Power defaults (preliminary report)

  • Guo-Qiang Zhang
  • William C. Rounds
Regular Papers
Part of the Lecture Notes in Computer Science book series (LNCS, volume 1265)


We present a spectrum of default logics, using powerdomains to encode default constraints. The resulting nonmonotonic entailment relations all satisfy the law of reasoning by cases. This result is a consequence of two general theorems valid for any Scott domain: the Dichotomy Theorem and the Extension Splitting Theorem. We briefly indicate that for propositional logic, the complexity of entailment is complete for co-NP(3).


Unable to display preview. Download preview PDF.

Unable to display preview. Download preview PDF.


  1. 1.
    H. Aït-Kaci. A Lattice-Theoretic Approach to Computation based on a Calculus of Partially Ordered Type Structures. PhD thesis, University of Pennsylvania, 1984.Google Scholar
  2. 2.
    K. R. Apt and R. N. Bol, Logic programming and negation: a survey. Technical Report CS-R9402, CWI, Amsterdam, 1994.Google Scholar
  3. 3.
    P. Buneman. Functional programming and databases. In D. Turner, editor, Research Topics in Functional Programming, pages 155–169. Addison-Wesley, 1990.Google Scholar
  4. 4.
    M. Gelfond, V. Lifschitz, H. Przymuzińska, and M. Truszczyński. Disjunctive defaults. In Proceedings of Second Annual Conference on Knowledge Representation, pages 230–237. Morgan Kaufmann, 1991.Google Scholar
  5. 5.
    G. Gottlob. Complexity results for nonmonotonic logics. In Notes on Fourth Int. Workshop on Non-monotonic Reasoning, 1992.Google Scholar
  6. 6.
    S. Kraus, D. Lehmann, and M. Magidor. Nonmonotonic reasoning, preferential models, and cumulative logics. Artificial Intelligence, 44:167–207, 1990.Google Scholar
  7. 7.
    L. Libkin. Aspects of Partial Information in Databases. PhD thesis, University of Pennsylvania, 1994.Google Scholar
  8. 8.
    W. Marek, A. Nerode, and J. Remmel. A theory of nonmonotonic rule systems. In Proceedings of 5th IEEE Symposium on Logic in Computer Science, pages 79–94, 1990.Google Scholar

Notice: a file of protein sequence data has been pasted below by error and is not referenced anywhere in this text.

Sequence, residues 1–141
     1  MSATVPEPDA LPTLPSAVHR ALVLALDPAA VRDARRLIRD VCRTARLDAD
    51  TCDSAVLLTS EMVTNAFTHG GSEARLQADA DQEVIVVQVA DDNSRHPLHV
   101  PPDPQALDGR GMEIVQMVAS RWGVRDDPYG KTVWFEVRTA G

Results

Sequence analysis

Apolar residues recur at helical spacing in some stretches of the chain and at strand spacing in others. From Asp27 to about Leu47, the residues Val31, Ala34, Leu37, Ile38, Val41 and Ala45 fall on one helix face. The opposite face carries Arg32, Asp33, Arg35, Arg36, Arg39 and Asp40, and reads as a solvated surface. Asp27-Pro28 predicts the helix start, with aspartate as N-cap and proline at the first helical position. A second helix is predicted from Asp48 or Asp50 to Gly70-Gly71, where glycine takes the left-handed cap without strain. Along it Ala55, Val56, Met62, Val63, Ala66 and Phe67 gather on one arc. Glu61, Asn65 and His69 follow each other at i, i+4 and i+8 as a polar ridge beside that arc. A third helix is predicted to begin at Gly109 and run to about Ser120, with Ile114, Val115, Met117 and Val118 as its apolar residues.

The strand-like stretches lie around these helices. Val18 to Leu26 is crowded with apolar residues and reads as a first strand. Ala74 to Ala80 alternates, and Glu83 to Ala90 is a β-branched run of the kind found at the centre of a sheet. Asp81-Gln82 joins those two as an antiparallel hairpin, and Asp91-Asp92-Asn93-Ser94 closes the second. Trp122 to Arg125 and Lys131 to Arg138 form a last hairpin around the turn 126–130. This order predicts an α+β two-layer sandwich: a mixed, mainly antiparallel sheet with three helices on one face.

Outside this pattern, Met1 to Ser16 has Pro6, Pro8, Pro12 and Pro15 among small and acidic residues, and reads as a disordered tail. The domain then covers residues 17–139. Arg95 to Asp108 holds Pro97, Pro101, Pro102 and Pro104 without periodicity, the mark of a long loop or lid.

9. 9.
    F. Pereira and S. Shieber. The semantics of grammar formalisms seen as computer languages. In Proceedings of 10th International Conference on Computational Linguistics: COLING 84, 1984.Google Scholar
  10. 10.
    C. Pollard and M. A. Moshier. Unifying partial descriptions of sets. In P. Hansen, editor, Vancouver Studies in Cognitive Science: vol. I. University of British Columbia Press, 1990.Google Scholar
  11. 11.
    Raymond Reiter. A logic for default reasoning. Artificial Intelligence, 13:81–132, 1980.CrossRefGoogle Scholar
  12. 12.
    W. Rounds and G. Q. Zhang. Logical considerations on default semantics. To appear, Annals of Mathematics and Artificial Intelligence, 1997.Google Scholar
  13. 13.
    W. Rounds and G. Q. Zhang. Suggestions for a nonmonotonic feature logic. Technical Report CS-R9551, CWI, Amsterdam, 1995.Google Scholar
  14. 14.
    W. Rounds and G. Q. Zhang. Complexity of power default reasoning. In Proceedings of LICS 97, July 1997.Google Scholar
  15. 15.
    M. B. Smyth. Powerdomains. Journal of Computer and System Science, 16(1):23–36, February 1978.CrossRefGoogle Scholar

Copyright information

© Springer-Verlag Berlin Heidelberg 1997

Authors and Affiliations

  • Guo-Qiang Zhang
    • 1
  • William C. Rounds
    • 2
  1. 1.Department of Computer ScienceUniversity of GeorgiaAthensUSA
  2. 2.Artificial Intelligence LaboratoryUniversity of MichiganAnn ArborUSA

Personalised recommendations